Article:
Wednesday 9 June 2021

Inspiration is a chain

Afternoon #warmongers and #warhammercommunity in July 2012 we were just getting 40k 6th edition. I'd fallen off the hobby wagon a couple of years earlier. The painting aspect was progressing - I was happy with my results and being productive. I'd also started a blog, designed my own terrain templates and built some of my own Imperial terrain but I wanted to do more. Combining my first major success - conversion of a Tyranid Carnifex to Tervigon and 6th edition's new found love of fortifications and it was potential Tyranid structures that caught my imagination. I searched all over the place, well Google did most of the heavy lifting and I came across these by Mr. Pink [a.k.a. Modern Synthesist]. The idea of using fruit pots as a base for more organic alien walls was genius. I have an A-level in Art, had specialised in sculpture and clay, I could find a way to mold some of these out of Milliput.

Within a month I had started my own. The naivety of using greyboard as a base - convinced it wouldn't warp [it didn;t reall, I was very lucky]. The ingenuity of stapling the reversed pot between the two main pieces. The stupidity of using your own Aegis wall templates as the scale, when you'd got those sizes wrong and essentially built a defence line that was just too big and legally you would never be able to use all 4 long pieces! 😫

And they came out pretty cool, even if it was before I settled on my Red Planet BASE! showcase pics, enjoy the pleather!

But that gave me the confidence to go even further with my next build - Tyranid Bastion. Arguably my most difficult build ever, but at this stage I had no idea what was still to come.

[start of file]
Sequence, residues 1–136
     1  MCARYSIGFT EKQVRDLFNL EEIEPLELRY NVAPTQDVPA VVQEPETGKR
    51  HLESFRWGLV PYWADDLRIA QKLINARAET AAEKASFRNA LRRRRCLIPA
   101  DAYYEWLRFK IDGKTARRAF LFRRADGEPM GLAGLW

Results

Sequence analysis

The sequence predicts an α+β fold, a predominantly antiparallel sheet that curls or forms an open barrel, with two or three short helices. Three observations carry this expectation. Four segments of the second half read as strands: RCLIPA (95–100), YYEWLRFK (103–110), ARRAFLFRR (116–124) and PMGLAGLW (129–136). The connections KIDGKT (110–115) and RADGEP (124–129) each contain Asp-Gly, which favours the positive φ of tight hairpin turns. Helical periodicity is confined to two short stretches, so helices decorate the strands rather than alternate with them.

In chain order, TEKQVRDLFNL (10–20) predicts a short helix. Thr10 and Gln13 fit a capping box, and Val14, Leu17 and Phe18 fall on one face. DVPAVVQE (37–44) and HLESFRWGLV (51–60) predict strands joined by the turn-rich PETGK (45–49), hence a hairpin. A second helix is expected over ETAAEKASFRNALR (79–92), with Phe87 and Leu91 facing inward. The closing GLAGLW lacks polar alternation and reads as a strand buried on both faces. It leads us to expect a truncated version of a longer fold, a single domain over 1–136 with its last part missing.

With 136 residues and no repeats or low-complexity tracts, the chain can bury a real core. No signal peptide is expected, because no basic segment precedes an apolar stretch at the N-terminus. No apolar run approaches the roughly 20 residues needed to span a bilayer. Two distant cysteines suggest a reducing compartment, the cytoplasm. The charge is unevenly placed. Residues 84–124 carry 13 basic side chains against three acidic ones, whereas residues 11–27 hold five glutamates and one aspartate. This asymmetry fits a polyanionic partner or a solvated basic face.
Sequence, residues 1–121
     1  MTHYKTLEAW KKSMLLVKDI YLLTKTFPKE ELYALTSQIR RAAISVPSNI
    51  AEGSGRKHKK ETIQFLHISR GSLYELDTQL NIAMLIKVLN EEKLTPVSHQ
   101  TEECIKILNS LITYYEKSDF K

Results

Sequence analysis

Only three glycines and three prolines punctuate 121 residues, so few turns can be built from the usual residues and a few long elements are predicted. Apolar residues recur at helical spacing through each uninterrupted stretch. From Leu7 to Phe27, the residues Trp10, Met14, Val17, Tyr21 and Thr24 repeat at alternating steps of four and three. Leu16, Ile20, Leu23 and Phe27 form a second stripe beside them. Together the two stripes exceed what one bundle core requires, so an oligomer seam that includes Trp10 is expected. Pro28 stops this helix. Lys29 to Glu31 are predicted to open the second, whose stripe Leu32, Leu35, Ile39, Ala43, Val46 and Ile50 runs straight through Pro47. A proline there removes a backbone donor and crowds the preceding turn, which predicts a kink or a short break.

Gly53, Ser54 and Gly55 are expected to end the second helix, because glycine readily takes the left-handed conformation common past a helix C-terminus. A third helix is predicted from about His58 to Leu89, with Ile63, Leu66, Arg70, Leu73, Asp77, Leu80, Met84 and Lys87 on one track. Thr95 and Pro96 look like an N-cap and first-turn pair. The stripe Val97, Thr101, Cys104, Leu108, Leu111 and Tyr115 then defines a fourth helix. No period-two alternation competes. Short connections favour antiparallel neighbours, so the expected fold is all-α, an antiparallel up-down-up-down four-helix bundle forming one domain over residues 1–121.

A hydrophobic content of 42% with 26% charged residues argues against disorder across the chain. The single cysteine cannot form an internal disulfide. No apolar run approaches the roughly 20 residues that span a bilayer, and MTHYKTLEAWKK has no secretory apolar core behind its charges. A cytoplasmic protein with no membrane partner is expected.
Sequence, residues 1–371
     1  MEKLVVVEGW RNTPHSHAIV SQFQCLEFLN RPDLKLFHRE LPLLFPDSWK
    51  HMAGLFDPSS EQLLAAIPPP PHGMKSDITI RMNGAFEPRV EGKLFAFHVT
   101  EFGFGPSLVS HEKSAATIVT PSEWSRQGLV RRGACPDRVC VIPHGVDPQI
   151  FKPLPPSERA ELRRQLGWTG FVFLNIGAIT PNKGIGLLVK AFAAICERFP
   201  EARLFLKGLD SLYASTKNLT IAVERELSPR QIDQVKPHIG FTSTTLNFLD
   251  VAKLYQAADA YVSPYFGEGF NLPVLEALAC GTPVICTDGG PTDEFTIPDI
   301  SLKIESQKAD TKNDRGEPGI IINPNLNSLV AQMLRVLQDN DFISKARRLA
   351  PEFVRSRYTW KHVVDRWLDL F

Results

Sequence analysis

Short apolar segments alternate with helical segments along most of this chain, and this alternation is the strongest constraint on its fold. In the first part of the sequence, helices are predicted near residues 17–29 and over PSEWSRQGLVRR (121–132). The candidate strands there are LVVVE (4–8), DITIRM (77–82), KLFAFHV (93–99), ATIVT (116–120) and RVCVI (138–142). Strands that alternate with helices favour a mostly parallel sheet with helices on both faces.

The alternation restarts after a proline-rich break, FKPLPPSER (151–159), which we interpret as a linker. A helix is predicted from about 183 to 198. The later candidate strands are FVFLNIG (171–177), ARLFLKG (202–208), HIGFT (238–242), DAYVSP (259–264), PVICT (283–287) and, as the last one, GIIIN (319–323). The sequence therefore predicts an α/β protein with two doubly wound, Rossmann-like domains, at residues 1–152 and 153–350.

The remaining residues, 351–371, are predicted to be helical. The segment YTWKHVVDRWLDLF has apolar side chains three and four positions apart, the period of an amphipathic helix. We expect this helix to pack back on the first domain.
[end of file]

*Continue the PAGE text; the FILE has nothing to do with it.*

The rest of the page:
I built 6 Capillary Towers with a secret agenda all along that nobody twigged.

I had a shadow project running all along - making a Tyranid Skyshield Landing Pad that slid into slots in the Capillary Towers to create the platform. It would even get fleshy walls too, eventually. Completed over 6 months on and off - testament to perseverance and patience.

I'd spend another 6 years [more off than on, obviously] realising another vision of a Tyranid Void Shield Generator. And I think it was this that kind of brought some of this full circle.

I'd repeatedly shared comments with Mr. Pink about his inspiration all those years ago and he also bought the Necron half of my Indomitus box, which I sent to Canada for a crazy new future at his hands. Shortly thereafter he messaged me to say he had something he wished to share with me, and eventually I received this in the post.

What treasures lie within?

Inspiration come home...

Yes indeed, one of the first casts of Mr Pink's alien barricades.

All primed and ready to go.

But that wasn't all...

How about the original sculpt as well, so I can see in detail how it was made in sections.

Using a mix of Apoxie sculpt and green stuff.

Additionally, there was an alien xenoforming pod. This one is slightly unfinished but I think the completed ones had LED tea lights in to glow with an alien light.  

As you can see part of it needs filling in and I may one day consider doing that and even painting them up, but for now I'm just overjoyed about the generosity.


Compared with my own efforts - a little taller and much more detail. There's even some guitar wire in there for extra alien ribbage.